By Victor Omondi
A Texas man pled guilty in federal court in Houston to defrauding the Small Business Administration (SBA) of more than $1.6 million in Paycheck Protection Program (PPP) loans guaranteed by the SBA under the Coronavirus Aid, Relief, and Economic Security (CARES) Act.
Lee Price III, 30, sub-mitted many bogus PPP loan applications on behalf of two different entities: 713 Construction LLC and Price Enterprises Holdings LLC, to two different lenders. The PPP loan application for 713 Construction LLC was made in the name of someone who died shortly before it was submitted. Price had requested and received almost $1.6 million through the two PPP loan applications.
Price lied about the number of people who worked for the companies and the payroll expenses in each of the PPP loan applications in the papers he provided to the government. He also submitted bogus tax papers and other materials along with the fraudulent PPP applications. Price spent the money on a Lamborghini Urus, a Ford F-350 truck, and a Rolex watch after receiving the funds, and he also used some of it to pay off some of his debts, including a residential property loan.
He was charged with providing false statements to a financial institution, wire fraud, bank fraud, and engaging in unlawful monetary transactions earlier this year.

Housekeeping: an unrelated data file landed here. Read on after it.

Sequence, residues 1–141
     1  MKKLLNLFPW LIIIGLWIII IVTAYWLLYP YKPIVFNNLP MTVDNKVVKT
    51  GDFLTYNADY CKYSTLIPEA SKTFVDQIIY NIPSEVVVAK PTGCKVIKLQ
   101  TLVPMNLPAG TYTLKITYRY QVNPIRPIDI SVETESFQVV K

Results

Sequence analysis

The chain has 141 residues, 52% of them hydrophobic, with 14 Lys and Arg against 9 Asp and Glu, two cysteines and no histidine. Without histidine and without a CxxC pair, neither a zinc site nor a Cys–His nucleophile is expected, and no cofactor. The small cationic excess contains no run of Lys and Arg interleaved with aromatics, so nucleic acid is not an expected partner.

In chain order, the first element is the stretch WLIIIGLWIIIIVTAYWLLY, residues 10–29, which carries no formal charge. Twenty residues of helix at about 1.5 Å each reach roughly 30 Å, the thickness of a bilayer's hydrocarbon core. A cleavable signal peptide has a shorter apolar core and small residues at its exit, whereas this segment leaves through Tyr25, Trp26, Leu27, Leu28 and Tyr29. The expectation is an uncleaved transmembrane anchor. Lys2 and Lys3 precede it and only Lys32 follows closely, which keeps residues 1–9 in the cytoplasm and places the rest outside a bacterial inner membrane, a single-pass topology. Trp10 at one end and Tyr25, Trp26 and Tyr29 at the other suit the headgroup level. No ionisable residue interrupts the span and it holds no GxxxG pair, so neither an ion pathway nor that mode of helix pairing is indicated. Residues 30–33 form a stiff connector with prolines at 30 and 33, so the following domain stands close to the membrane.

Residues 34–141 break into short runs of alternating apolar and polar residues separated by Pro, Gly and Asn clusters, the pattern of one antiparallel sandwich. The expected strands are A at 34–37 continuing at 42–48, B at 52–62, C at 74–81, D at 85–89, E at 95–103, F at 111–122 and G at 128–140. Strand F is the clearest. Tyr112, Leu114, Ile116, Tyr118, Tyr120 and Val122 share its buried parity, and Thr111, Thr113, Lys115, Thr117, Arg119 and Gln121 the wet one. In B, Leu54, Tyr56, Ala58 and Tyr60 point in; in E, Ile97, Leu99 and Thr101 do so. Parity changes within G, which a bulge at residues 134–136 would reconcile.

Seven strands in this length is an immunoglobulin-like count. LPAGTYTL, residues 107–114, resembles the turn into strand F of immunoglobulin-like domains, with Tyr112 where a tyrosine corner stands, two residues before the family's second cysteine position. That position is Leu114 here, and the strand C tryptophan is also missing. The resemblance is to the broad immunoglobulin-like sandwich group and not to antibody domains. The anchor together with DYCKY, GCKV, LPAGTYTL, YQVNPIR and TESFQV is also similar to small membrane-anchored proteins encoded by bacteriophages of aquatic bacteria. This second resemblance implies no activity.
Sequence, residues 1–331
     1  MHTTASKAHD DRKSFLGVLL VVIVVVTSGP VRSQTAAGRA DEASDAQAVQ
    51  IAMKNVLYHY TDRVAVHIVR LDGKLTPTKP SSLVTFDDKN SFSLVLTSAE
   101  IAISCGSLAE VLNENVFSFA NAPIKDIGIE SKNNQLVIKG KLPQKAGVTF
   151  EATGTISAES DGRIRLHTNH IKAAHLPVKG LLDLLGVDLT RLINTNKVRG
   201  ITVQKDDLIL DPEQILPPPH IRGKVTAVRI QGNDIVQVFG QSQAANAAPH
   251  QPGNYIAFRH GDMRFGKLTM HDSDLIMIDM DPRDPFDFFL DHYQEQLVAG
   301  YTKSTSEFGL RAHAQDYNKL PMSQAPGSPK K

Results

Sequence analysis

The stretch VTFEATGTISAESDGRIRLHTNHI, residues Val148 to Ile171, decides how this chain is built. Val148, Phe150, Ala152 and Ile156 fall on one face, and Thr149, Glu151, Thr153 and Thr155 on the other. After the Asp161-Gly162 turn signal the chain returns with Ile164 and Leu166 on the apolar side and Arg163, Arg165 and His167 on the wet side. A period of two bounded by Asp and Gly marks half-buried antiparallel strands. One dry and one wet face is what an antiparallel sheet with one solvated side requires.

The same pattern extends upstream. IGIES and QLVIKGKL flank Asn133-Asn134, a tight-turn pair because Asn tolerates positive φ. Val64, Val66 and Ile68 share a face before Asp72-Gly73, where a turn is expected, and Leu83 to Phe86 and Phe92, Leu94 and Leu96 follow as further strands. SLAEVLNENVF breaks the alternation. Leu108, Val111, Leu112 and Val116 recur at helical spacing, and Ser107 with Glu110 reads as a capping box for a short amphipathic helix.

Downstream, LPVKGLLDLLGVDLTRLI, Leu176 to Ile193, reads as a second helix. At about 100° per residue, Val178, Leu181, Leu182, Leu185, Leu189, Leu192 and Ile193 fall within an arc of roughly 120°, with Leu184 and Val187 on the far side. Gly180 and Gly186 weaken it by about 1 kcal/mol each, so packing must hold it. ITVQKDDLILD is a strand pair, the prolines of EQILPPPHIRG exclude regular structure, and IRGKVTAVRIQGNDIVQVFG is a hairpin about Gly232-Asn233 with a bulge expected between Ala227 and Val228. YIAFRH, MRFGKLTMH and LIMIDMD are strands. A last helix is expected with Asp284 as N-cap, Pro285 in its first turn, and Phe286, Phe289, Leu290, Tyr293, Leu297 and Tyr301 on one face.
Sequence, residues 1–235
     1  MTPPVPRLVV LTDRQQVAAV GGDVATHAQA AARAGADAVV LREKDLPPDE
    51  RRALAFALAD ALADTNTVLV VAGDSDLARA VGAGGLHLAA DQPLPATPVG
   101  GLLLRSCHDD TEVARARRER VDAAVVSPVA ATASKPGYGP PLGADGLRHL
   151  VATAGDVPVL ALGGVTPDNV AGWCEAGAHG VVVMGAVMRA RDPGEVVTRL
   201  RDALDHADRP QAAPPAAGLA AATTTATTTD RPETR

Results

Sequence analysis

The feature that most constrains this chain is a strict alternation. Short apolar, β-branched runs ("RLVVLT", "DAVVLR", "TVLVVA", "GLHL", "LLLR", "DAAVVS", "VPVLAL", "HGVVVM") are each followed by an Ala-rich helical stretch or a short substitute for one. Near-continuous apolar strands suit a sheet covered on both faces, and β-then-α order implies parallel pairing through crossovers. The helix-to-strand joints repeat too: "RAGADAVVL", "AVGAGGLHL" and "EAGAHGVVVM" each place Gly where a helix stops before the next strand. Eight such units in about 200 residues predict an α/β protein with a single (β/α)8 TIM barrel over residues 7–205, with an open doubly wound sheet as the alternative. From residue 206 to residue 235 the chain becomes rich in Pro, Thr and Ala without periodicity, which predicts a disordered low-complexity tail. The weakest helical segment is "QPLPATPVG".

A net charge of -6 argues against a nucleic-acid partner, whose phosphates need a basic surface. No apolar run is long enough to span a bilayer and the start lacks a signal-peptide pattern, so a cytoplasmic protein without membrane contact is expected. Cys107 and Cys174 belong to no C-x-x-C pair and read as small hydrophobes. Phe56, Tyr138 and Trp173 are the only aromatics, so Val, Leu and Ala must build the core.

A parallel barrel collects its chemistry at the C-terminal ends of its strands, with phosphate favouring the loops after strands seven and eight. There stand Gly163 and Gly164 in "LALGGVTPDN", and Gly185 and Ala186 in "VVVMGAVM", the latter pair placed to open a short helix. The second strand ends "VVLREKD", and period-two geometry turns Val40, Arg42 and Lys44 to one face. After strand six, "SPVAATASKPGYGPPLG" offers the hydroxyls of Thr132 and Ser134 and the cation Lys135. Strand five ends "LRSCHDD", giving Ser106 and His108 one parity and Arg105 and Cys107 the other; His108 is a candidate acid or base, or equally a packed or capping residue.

The Department of Justice and its law enforcement partners seized over $700,000 in total.
Price pleaded guilty to two counts of wire fraud and three counts of money laundering and will be sentenced on November 29. He could face a maximum sentence of 20 years in jail for each count of wire fraud and ten years in prison for each count of money laundering, totaling up to 70 years in prison.
After considering the US Sentencing Guidelines and other statutory criteria, a federal district court judge will impose any sentence.
The investigation was carried out by the Federal Housing Finance Agency’s Office of Inspector General (OIG), the Small Business Administration’s Office of Inspector General (SBA-OIG), and the United States Postal Inspection Service’s Houston Division. Trial Attorneys Timothy A. Duree, Senior Attorney Advisor James Alexander and Matthew Grisier are prosecuting the case with the assistance of Assistant U.S. Attorney James McAlister.